Free checking may soon be history at major banks, but we've still got those good old credit unions to fall back on, right?
Not for long.
Financial analysts anxious for some glimmer of optimism about the sorry state of consumer banking have been hyping credit unions like crazy lately. Why? Because all but the four largest credit unions have been spared the rod of financial reform that prompted the major banks to do away with archaic relics like free checking.
(As an aside, I'm not convinced that charging $12 a month for checking is going to make up for the $23.7 billion in annual overdraft fees they can no longer hit us with, but hey – maybe they'll start charging for lobby mints.)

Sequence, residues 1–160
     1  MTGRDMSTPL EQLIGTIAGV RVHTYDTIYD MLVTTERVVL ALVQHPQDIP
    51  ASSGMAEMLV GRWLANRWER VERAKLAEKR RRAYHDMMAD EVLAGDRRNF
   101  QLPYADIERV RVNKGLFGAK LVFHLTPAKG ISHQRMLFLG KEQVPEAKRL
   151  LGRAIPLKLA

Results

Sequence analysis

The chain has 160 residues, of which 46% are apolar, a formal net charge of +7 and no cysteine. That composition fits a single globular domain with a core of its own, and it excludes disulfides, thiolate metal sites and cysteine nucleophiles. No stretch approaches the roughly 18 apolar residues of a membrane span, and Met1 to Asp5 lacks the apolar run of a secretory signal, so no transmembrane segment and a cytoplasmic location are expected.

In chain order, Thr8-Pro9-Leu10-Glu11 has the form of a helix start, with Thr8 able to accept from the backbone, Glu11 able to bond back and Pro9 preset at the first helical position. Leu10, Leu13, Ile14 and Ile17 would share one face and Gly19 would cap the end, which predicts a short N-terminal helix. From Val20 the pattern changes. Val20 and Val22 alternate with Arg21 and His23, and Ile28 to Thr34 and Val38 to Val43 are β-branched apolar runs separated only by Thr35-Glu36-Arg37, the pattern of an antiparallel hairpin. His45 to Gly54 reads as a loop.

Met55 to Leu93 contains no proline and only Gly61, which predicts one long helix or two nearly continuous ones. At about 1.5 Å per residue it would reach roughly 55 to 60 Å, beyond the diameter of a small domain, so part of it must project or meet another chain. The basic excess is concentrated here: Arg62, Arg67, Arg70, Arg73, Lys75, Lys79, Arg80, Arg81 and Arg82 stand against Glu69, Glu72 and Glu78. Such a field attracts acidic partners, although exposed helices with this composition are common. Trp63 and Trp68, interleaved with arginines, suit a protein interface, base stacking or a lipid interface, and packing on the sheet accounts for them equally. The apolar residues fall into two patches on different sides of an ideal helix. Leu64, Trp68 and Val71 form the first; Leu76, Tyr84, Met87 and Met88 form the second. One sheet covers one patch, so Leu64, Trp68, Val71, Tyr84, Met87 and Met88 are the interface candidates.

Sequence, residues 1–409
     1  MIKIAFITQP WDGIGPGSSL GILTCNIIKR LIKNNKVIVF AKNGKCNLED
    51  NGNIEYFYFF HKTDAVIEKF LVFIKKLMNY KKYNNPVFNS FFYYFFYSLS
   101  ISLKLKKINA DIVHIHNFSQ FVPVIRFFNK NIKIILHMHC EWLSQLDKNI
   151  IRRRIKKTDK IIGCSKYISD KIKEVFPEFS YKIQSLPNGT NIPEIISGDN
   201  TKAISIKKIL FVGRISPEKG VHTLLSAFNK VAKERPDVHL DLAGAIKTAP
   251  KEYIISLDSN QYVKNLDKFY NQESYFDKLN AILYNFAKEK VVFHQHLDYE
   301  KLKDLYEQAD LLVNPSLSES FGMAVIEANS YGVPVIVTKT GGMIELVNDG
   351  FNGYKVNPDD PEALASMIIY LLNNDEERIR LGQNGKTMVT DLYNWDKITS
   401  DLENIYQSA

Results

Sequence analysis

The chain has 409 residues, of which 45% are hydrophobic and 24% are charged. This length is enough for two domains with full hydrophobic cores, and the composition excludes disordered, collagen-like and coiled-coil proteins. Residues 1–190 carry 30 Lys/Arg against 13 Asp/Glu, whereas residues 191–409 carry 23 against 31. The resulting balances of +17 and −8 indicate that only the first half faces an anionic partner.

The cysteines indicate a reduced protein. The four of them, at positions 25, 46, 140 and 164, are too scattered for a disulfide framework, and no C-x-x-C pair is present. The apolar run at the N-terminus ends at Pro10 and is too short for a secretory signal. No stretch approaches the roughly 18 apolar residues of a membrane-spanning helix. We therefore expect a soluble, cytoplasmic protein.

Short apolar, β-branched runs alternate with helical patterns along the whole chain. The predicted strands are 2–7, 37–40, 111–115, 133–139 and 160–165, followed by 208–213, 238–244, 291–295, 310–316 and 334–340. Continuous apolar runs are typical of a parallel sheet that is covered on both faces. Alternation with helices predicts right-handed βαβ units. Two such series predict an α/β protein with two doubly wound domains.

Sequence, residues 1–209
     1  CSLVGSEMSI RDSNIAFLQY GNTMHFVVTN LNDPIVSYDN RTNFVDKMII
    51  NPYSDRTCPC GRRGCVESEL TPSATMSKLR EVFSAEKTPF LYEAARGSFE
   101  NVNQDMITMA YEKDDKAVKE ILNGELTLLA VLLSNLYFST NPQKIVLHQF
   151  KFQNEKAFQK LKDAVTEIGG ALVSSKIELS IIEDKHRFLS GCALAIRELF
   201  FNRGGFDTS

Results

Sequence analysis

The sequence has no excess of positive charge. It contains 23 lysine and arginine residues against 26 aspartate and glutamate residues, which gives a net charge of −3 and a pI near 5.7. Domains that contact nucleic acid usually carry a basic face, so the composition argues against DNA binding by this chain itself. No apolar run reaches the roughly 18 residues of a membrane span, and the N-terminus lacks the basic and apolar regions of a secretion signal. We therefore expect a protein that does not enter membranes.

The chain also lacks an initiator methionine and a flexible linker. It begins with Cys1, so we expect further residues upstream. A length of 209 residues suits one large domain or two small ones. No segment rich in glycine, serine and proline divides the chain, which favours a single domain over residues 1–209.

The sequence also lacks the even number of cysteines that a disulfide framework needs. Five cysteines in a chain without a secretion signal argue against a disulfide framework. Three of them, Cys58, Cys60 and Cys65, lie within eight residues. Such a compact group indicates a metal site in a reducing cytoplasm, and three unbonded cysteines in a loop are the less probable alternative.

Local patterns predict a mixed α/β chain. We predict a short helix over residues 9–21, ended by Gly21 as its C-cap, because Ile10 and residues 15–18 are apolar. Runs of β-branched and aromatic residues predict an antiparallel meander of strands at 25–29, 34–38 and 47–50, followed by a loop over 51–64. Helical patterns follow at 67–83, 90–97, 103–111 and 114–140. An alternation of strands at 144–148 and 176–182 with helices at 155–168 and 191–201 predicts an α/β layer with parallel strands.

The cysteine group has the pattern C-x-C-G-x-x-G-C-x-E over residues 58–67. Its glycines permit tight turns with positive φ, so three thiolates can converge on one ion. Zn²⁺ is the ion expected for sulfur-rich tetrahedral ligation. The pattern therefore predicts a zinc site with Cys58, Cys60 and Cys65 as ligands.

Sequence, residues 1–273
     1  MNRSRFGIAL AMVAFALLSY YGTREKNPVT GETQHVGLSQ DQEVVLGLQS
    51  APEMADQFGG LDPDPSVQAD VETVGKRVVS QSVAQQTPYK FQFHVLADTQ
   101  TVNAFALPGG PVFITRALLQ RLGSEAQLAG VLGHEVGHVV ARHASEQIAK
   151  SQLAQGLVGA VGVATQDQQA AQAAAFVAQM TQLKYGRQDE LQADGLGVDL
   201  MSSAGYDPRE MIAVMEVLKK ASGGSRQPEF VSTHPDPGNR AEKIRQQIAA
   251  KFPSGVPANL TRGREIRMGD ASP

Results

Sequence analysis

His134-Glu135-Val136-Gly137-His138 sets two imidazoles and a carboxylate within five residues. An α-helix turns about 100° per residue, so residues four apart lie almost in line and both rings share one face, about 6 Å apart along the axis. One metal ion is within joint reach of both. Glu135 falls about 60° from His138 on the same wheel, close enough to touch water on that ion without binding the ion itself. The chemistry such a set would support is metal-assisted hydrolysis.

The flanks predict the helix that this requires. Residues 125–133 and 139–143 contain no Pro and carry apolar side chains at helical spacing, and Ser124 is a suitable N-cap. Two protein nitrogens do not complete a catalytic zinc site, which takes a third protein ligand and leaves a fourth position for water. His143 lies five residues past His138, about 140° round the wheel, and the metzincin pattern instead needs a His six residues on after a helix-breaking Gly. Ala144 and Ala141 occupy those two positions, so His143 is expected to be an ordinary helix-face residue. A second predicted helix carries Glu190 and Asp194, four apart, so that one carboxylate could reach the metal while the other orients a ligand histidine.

Which places the nation's 7,000 credit unions in a bit of a dilemma. Yes, they could prove those sunny-side-up analysts correct and continue to offer free checking, just as they've done for years. In fact, that would seem to be in their financial best interest to attract the hordes of Americans looking to flee their banks in protest.
But remember, we're dealing with bankers here. And bankers, even gray-ponytail-cardigan-and-cords-wearing credit union bankers, are genetically coded to follow the money.
Put another way: where the bigs go, the credit unions will follow – these days sooner rather than later. Once they see the major banks getting away with it, they'll want checking fee income, too. Mark my words.
Heresy? Naw. Even a recent survey by the National Association of Federal Credit Unions found that two-thirds of its members are contemplating dropping free checking.
The other third must have been at a Zen retreat.
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